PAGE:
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*Andy* had been to two dentists over the course of eight years for all of his regular dental appointments. At no stage had he been advised to stop smoking to given any advice regarding general oral health. On only four occasions had a basic periodontal examination been carried out, once in 2001, twice in 2006 and once in 2009.

During the eight years that Andy had been attending the two dentists for his appointment he had suffered deteriorating adult periodontal disease and developed widespread bone loss in his jaw.

Andy had attended a total of 35 appointments and a total of 20 scaling and polishing appointments.

In May 2009 Andy was referred to a different dental practice. When he was seen there, x-rays were taken which showed significant bone loss around all of his teeth and the prognosis of his teeth deteriorated throughout the time of his care. Andy eventually lost one of his upper right teeth.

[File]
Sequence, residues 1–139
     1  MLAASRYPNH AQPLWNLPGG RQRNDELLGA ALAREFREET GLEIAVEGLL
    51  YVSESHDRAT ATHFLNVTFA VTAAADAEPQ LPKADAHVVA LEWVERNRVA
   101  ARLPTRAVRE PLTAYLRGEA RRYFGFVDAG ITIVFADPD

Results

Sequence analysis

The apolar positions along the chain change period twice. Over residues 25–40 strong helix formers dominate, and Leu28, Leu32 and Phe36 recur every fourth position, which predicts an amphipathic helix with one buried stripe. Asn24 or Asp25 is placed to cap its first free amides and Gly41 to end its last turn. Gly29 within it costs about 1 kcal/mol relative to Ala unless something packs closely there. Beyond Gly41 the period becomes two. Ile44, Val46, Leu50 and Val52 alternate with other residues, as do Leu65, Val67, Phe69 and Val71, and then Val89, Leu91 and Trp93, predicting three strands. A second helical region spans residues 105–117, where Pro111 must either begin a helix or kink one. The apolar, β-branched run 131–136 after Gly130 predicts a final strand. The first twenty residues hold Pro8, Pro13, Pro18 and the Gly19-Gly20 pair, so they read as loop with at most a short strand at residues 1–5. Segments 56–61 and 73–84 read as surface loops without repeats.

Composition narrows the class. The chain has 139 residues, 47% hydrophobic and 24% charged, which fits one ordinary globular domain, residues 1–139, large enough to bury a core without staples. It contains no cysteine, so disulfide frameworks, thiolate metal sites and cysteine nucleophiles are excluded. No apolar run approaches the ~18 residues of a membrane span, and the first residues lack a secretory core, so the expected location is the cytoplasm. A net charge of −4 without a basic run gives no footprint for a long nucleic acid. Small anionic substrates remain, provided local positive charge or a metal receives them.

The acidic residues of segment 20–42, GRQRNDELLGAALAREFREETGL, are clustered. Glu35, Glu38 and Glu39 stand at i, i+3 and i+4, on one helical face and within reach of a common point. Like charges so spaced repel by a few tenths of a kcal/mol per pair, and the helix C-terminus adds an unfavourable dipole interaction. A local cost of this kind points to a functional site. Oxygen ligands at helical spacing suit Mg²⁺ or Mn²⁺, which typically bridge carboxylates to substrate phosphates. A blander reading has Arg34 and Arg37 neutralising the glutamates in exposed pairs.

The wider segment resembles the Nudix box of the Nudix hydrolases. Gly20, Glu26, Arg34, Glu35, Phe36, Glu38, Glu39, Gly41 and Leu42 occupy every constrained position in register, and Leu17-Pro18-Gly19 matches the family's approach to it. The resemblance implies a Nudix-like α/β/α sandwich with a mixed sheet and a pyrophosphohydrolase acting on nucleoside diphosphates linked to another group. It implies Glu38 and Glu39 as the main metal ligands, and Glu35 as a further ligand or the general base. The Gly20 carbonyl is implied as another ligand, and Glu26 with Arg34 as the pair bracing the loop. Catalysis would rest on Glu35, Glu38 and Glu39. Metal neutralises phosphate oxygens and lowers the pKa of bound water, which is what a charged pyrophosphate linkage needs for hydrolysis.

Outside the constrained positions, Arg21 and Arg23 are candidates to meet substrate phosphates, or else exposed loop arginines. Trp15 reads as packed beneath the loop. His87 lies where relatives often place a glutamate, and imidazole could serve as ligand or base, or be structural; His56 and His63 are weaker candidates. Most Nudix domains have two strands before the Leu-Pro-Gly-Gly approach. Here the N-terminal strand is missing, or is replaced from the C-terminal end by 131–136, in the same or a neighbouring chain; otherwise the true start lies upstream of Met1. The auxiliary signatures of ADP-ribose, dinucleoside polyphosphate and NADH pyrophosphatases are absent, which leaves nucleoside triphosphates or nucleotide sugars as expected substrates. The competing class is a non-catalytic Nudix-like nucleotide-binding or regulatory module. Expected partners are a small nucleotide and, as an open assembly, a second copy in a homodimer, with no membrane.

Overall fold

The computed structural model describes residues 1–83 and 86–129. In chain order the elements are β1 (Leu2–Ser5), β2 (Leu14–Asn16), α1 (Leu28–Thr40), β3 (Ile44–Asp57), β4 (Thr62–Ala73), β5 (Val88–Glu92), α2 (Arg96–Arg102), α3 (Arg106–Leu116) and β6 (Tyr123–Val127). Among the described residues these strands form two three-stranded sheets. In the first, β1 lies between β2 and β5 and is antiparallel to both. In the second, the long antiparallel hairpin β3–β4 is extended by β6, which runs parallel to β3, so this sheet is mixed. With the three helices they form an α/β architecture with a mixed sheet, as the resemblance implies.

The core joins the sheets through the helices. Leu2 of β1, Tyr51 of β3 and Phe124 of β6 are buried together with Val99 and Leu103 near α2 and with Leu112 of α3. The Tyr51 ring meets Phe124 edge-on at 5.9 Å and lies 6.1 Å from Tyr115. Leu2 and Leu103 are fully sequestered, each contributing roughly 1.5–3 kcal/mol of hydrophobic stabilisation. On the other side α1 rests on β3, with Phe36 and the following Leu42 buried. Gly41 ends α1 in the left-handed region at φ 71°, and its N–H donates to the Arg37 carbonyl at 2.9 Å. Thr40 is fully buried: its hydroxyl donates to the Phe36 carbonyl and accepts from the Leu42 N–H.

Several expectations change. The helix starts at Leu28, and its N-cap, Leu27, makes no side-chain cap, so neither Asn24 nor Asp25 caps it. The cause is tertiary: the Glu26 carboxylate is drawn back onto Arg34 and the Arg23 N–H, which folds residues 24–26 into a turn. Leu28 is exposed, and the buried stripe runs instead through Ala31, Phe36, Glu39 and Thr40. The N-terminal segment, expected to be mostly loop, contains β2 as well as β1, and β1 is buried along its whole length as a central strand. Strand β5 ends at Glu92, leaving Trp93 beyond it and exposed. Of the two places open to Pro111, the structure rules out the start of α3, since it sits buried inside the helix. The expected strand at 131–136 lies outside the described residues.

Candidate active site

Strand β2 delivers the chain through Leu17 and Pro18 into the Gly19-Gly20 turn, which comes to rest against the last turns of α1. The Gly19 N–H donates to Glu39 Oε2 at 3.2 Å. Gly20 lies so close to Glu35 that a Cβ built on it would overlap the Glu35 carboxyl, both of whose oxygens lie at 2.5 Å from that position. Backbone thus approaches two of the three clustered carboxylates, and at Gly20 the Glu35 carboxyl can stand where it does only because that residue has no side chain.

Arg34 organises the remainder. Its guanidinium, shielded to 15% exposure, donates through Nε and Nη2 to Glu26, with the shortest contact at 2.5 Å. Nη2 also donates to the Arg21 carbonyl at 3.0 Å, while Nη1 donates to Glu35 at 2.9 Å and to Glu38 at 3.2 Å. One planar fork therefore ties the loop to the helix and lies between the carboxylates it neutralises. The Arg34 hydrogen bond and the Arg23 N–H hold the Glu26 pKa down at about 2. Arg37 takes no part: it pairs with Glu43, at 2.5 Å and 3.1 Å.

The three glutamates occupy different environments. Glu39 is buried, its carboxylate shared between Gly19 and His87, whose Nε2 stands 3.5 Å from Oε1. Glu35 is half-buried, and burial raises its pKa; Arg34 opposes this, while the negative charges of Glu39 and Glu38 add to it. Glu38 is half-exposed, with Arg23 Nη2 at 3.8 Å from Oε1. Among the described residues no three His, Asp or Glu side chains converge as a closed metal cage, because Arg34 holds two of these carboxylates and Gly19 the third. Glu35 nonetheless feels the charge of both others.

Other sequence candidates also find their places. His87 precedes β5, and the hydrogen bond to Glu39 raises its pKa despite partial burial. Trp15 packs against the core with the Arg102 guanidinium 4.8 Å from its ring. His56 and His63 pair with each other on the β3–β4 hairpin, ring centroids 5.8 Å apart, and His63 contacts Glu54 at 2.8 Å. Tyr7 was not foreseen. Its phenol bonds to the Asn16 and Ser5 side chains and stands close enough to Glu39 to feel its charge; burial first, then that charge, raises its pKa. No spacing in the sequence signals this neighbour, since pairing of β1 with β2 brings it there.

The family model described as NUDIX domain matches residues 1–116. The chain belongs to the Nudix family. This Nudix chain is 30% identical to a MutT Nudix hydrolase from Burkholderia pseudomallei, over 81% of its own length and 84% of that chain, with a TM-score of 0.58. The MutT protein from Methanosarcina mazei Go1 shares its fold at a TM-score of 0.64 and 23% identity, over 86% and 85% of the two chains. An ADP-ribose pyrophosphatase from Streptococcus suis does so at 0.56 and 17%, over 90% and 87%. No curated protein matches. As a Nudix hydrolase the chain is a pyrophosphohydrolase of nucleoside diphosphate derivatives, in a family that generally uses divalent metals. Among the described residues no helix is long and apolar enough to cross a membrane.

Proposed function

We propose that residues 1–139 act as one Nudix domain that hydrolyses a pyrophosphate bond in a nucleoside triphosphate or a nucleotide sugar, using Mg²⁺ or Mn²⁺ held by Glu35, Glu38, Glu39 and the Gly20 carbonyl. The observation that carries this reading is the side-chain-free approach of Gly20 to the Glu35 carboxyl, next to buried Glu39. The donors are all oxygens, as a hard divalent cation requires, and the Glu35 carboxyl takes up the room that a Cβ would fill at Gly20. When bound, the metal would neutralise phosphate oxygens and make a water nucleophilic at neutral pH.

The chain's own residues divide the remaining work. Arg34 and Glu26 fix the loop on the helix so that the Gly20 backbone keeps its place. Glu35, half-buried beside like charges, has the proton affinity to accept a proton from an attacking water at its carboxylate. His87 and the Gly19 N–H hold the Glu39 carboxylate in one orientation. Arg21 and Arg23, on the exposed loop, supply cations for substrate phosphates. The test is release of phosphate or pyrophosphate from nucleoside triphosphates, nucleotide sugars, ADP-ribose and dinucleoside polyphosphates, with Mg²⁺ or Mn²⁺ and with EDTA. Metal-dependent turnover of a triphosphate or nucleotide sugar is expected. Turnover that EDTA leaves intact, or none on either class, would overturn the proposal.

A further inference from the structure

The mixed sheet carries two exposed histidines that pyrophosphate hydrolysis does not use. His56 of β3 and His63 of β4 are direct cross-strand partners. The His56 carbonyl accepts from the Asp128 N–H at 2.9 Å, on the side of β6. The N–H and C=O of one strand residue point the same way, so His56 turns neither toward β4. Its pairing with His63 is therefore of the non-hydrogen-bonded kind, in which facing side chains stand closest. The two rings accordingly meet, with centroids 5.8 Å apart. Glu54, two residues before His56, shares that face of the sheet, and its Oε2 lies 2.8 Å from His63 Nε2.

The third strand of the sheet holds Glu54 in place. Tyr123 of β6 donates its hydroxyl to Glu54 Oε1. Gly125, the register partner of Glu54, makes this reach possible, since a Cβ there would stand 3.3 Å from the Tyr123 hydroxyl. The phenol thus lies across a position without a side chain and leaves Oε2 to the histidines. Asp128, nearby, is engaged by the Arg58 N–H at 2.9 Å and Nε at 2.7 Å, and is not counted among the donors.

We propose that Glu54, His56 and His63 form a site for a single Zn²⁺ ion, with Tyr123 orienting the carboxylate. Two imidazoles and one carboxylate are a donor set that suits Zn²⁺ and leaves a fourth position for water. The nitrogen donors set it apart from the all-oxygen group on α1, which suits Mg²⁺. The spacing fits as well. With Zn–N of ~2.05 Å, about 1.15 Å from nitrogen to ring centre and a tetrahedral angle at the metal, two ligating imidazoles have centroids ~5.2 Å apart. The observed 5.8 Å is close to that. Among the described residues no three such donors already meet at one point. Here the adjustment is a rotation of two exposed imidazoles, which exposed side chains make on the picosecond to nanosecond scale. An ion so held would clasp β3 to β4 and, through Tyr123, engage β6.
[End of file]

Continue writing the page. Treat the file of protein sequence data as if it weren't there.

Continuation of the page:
Andy contacted Ian Kirwan, a medical negligence compensation specialist at Pryers Solicitors, in June 2009 and investigations into his case started.

A report was obtained from a General Dental Practitioner who advised that the Defendants had been negligent in failing to properly advise Andy and failing to carry out regular periodontal examinations. A further report was obtained, however, which advised that smoking had played a major contributory factor in the development of the periodontal disease and it was likely that Andy would have required some treatment in any event.

Allegations were put to the Defendants in February 2011 and negotiations to settle the case commenced. In March 2011 the Defendants put forward an offer to settle the case for £10,000 which Andy was pleased to accept.

The Defendants also paid all of Andy’s legal costs so he received 100% of his compensation

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